Dr. Laura Schlessinger's First Amendment rights

Tuesday, August 24, 2010

Regardless of what anyone believes about radio talk show host Laura Schlessinger and the remarks that led to her resignation, can we at least agree that it is not a constitutional issue?

In the news story "Palin tells embattled Dr. Laura: 'Don't retreat . . . reload,' " former Alaska governor Sarah Palin was quoted as tweeting something to the effect that activists were taking away Ms. Schlessinger's First Amendment rights. Two days later, Kathleen Parker wrote an op-ed, "Cut Dr. Laura some slack," defending Ms. Schlessinger and noting that the radio host was leaving her program to "reclaim her First Amendment rights."

While the text of the Bill of Rights says, "Congress shall make no law abridging the freedom of speech," it does not say you can say whatever you want in a public forum with no consequences. There is nothing in the amendment that prohibits individuals or groups from protesting, boycotting or putting economic pressure on those who say things they find offensive.

If what you say makes you poison to sponsors, then market forces have earned you the right to speak freely to a much smaller audience.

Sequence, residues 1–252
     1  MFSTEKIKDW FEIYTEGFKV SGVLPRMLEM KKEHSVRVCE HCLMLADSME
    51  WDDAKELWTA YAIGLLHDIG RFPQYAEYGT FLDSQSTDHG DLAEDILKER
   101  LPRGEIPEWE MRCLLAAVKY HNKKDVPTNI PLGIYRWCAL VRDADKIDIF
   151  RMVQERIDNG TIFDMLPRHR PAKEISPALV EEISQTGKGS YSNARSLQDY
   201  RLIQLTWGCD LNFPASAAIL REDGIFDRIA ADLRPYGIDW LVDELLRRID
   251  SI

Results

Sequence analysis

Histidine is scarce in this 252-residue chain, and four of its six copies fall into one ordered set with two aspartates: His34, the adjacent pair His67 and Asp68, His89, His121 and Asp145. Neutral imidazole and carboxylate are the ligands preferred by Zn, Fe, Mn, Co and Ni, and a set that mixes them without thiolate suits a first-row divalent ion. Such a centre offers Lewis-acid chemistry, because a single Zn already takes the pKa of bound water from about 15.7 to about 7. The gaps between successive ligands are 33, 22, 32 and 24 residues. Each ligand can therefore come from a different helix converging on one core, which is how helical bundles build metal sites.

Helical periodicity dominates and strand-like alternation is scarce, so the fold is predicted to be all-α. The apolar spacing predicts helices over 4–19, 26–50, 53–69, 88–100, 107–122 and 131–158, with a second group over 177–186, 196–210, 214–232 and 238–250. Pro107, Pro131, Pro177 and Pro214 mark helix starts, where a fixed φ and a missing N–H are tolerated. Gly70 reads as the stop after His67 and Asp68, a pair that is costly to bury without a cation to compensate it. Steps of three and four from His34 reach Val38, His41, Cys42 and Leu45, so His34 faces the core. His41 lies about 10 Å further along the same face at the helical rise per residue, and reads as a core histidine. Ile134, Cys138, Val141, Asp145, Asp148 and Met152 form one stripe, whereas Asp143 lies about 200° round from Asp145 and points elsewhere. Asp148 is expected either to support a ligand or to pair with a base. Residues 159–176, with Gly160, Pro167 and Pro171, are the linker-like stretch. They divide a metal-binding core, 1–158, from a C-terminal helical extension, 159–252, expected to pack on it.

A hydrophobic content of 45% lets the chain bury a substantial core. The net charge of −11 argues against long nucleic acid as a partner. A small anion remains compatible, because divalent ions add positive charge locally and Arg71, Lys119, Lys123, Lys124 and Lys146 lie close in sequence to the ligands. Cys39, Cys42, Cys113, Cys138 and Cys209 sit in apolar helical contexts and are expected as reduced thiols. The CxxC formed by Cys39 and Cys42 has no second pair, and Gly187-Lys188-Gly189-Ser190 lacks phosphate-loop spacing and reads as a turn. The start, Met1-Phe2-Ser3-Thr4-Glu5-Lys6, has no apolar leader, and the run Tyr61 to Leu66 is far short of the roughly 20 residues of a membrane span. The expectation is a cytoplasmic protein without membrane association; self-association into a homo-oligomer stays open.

Beau Obetts, Annandale

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The Post reported that on Aug. 13, President Obama decided to wade into the controversy about a planned mosque near New York's Ground Zero by saying that "Muslims have the right to practice their religion as everyone else in this country." The very next day he backed away from his remarks, saying, "I was not commenting and I will not comment on the wisdom of making a decision to put a mosque there."

On Aug. 10, Laura Schlessinger used a racial slur on her radio program to make a point about something and the outcry was similar to the mosque controversy. I am waiting for the president to wade into this issue as well, perhaps by saying that "Dr. Laura has the right to practice free speech as everyone else in this country." Then, the very next day, he could say, "I was not commenting, and I will not comment on the wisdom of what she said."

Donald Rotunda, Washington


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